Dr. Bashir had 217 wives. The youngest was six years old, the oldest 83. And although Dr. Bashir lived in a country where the laws and customs made the practice of polygamy natural, even here, 217 was excessive. And more unusual was the fact that Dr. Bashir only had three children. Two boys and one girl, all three grown now and happy with their own families and careers. But most unusual of all was that the little, unassuming physicist did not believe in polygamy, even a little.
It was early in the morning. A few stars still twinkled in the blackest part of the sky as the slight man carried his tiny cup of sweetened espresso out onto the back verandah and sank gratefully into the faded brown chair, the indent of the cushion exactly formed to his body.
The spicy aroma of desert cactus floated over the high concrete fence as he took his first cautious sip of the hot, rich brew. He watched the sky slowly change from black to grey, and then a pale blue. It was still quiet enough at this time of the morning where he could hear his own thoughts, and in his mind’s eye, see the movements of quantum particles and spinning quarks. By the time he finished his coffee the sun had risen over the eastern wall and his gaze rested on the large black rock leaning against the far garden hedge. A cricket emerged from the dark crack at its base.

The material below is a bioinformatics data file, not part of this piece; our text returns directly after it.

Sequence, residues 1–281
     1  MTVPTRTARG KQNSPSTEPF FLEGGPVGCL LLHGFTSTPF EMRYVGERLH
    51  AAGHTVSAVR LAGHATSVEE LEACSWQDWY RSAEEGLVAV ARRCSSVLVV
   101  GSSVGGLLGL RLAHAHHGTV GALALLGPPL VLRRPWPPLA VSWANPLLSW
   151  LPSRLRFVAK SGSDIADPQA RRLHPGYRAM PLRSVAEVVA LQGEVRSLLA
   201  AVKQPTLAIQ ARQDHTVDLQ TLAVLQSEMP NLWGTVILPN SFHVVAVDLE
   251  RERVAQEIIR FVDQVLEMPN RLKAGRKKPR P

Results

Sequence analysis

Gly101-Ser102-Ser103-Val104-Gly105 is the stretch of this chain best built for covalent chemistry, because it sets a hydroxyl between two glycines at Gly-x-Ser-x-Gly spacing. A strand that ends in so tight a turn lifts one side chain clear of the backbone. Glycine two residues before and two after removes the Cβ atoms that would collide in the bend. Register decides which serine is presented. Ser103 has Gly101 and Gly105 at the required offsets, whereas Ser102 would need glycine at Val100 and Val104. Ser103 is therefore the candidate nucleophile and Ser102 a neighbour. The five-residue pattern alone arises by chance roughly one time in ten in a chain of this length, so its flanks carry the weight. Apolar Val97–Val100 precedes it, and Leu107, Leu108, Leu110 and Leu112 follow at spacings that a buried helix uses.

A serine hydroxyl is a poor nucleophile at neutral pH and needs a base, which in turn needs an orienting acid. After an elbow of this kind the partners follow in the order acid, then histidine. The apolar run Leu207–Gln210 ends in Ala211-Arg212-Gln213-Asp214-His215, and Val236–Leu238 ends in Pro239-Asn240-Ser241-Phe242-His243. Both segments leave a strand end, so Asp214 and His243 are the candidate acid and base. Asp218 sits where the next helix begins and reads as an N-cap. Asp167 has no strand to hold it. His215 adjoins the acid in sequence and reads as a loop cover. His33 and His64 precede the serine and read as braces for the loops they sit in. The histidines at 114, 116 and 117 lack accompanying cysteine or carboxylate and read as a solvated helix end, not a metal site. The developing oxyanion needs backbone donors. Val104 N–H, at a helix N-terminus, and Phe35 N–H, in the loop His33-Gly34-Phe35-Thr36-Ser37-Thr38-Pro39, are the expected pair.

They looked at each other for a brief moment before it scurried out of sight.
The sound of female voices lilting and laughing resonated through the house behind him and then washed around and over him. He sighed.
“Good morning papa.”
“Did you sleep well father?”
“God is good my husband.”
“Has anyone seen my shoes?”
“Shhh…leave papa alone.”
The voices called out cheerfully, sleepily, merrily, gladly, and willingly, breaking the quiet and solitude of the early morning hour. Suddenly a light scent of morning blossoms infused the air and he knew that Alia stood behind him. She brought him a new cup of coffee and kissed him lightly on the forehead. “Here you are, my love,” she said.
Dr. Bashir reached up and took the coffee in one hand and pulled her arm forward. His lips brushed her wrist and his hand slid up to her shoulder where his fingers twirled the long loose braid draped over her housecoat. “Happy day,” he said. “I was just remembering when you and I bought this house. Remember how big it seemed then. The atrium echoed the children’s voices as they scampered across the cool tiles in their frenzied races. It seems so long ago, yet it only feels like yesterday.”
Alia sat on the step close to his feet and wrapped a protective arm around his thin legs. “I remember it well, my love,” she said. “Our family had six months alone, then little Jahlida entered our lives.”
They both sat quietly thinking about the day that had started them on this path to an extended family. Jahlida, only seven years old, was about to be sold into slavery by her parents. Alia, quiet but firm, announced that they had no other choice; it was either take the child in as a new wife or know that because of their inaction a beautiful little girl would face the most horrific life.
“She has made us proud,” he said. “A PhD in Mathematics.” Pride shone from his eyes painting his words bright with pleasure.
Alia rested her head against his leg and patted his knee; they both sat silently looking over their back yard which long ago had been converted into a garden. Suddenly from somewhere on the warming stones a cricket began to sing. The song was one of happiness and contentment.
“Thirtythreehundredsixtyfive” by Morning Theft. Creative Commons Flickr. Some rights reserved.